Another important issue going out to discussion is carbon offsetting.
This is where a business, or indeed a government, can choose to pay for emissions reductions somewhere else - usually in a developing country - rather than cutting its own greenhouse gas output.
The government is keen on offsetting. Official and ministerial flights are offset, as was the 2005 G8 summit in Gleneagles.
But there is growing doubt about its real worth, about whether all the schemes brokered by NGOs and private companies lead to real emissions cuts. So doubtful is the government that it is already consulting on setting a code of practice for the industry.
The draft bill does not make clear how much offsetting should contribute to the five-yearly, 2020 and 2050 targets. Businesses will be lobbying for as much leeway as possible, environmental groups for the tightest constraints.
Geographically, Britain may be an island - in fact several - but in climate terms, it is not.
This Climate Change Bill and forthcoming energy legislation have to dovetail with the European Union's plans, announced last week, for a 20% cut in greenhouse gas emissions and a 20% renewable share of the energy mix by 2020.
Mechanisms are unclear, as - again - are sanctions for missing the targets.
Then there is the global context, where, through the G8 and the United Nations, European leaders are pursuing the dream of a global emissions deal.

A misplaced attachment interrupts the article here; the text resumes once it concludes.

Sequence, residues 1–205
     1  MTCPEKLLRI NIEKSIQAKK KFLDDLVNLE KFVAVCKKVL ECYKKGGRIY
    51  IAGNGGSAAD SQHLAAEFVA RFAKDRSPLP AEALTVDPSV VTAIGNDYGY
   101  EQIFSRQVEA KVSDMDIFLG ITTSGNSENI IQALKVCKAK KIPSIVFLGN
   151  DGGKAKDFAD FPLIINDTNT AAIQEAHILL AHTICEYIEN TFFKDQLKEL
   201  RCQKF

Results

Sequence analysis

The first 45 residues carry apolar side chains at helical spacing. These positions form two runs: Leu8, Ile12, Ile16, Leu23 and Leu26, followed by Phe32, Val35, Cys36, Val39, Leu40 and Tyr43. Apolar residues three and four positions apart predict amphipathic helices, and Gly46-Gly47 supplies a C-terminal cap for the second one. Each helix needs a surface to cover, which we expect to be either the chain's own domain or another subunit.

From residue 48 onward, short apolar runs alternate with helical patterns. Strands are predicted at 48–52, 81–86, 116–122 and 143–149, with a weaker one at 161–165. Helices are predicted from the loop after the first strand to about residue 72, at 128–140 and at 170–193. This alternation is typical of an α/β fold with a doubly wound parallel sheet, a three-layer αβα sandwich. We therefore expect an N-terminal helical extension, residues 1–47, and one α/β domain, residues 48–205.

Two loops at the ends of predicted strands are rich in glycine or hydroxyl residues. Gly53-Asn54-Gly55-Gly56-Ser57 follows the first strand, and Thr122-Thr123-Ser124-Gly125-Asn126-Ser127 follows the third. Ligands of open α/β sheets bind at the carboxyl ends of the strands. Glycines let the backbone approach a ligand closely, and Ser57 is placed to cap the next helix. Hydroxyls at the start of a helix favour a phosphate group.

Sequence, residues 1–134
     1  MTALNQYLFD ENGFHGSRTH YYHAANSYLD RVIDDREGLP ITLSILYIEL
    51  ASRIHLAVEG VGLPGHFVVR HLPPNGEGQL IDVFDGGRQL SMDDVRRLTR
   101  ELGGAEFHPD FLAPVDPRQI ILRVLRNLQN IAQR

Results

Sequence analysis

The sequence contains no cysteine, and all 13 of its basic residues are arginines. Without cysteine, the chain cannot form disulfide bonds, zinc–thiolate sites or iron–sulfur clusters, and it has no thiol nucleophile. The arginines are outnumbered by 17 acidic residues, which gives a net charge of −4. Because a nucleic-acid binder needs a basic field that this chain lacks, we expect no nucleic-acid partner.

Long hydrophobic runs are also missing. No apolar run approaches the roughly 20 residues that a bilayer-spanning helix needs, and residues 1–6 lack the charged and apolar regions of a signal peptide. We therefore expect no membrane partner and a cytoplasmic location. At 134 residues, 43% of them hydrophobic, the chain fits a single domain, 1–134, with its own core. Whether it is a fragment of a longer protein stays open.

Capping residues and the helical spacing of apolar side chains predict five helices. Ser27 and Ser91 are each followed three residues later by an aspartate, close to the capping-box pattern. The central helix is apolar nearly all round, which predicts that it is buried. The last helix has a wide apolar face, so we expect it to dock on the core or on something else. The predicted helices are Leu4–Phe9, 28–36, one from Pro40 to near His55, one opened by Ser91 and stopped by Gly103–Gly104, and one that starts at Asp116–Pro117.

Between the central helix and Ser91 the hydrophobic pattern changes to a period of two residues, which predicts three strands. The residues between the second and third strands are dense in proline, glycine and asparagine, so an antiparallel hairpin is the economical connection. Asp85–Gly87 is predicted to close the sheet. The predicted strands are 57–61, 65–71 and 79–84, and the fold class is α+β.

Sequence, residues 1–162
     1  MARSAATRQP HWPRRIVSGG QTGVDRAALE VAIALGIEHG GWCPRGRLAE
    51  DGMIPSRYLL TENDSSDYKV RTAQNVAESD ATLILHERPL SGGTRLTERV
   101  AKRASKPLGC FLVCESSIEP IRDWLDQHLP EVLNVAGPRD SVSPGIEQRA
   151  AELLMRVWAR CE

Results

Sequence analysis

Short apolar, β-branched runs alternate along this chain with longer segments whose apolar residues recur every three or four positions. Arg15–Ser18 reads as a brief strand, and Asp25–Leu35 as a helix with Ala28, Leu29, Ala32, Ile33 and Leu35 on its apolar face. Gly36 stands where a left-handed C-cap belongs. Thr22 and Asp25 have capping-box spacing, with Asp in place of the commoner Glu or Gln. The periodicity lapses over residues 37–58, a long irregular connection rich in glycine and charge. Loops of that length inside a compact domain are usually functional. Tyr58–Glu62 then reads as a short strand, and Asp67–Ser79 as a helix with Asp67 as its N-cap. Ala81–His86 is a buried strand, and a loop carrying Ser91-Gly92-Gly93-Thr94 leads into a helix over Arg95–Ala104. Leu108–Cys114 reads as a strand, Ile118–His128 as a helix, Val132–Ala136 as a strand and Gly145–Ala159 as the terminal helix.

But putting the UK and EU actions together, it is possible to begin to sketch out what a low-carbon Britain might look like.
Gordon Brown has pledged measures on household emissions
Emissions from electricity generation and heavy industry are the easiest to tackle, because there are relatively few players and because much of the technology is proven.
By 2020, assuming everyone plays ball, we would see a spread of renewable energy generation, with perhaps one-fifth of Britain's electricity coming from onshore and offshore wind turbines and a smaller slice from whichever marine technologies prove the most efficient and economic.
Gordon Brown spoke on Monday of measures for households, and if he follows through we would see insulation and microgeneration spreading into homes and communities, though not nearly as fast as some lobby groups would like.
Fuel pumps will presumably be dispensing mixtures containing fair proportions of biodiesel and perhaps ethanol, with cars equipped to run on a range of fuels as they are currently in Brazil.
Flights are another matter. The EU is determined to have them included in its Emissions Trading Scheme - but with a number of UK airports embarking on expansion plans, it is difficult to see that Britons will be flying less by 2020.
And the impact of Britain's adventure on the rest of the world?
Politically, it is likely to be well received in many European capitals and by the US Democratic party. How it will play with the major developing world governments is another matter; some may love the investments that offsetting can bring, without seeing any need to follow suit.
Tackling emissions globally, as Mr Brown acknowledged this week, requires some kind of global deal. And that, even with Britain cutting a dash on the world stage with its shiny new climate legislation, remains elusive.